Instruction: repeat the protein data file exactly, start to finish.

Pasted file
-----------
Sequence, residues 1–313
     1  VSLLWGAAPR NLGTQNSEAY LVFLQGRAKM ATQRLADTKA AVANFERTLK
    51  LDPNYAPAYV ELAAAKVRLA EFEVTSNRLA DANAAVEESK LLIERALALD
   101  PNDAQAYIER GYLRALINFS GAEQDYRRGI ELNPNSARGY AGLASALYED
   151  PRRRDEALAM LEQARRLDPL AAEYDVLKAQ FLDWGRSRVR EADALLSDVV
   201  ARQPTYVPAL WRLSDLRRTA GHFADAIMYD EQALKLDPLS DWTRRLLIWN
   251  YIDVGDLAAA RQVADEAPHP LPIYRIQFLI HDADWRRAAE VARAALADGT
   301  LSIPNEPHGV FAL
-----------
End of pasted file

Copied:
Sequence, residues 1–313
     1  VSLLWGAAPR NLGTQNSEAY LVFLQGRAKM ATQRLADTKA AVANFERTLK
    51  LDPNYAPAYV ELAAAKVRLA EFEVTSNRLA DANAAVEESK LLIERALALD
   101  PNDAQAYIER GYLRALINFS GAEQDYRRGI ELNPNSARGY AGLASALYED
   151  PRRRDEALAM LEQARRLDPL AAEYDVLKAQ FLDWGRSRVR EADALLSDVV
   201  ARQPTYVPAL WRLSDLRRTA GHFADAIMYD EQALKLDPLS DWTRRLLIWN
   251  YIDVGDLAAA RQVADEAPHP LPIYRIQFLI HDADWRRAAE VARAALADGT
   301  LSIPNEPHGV FAL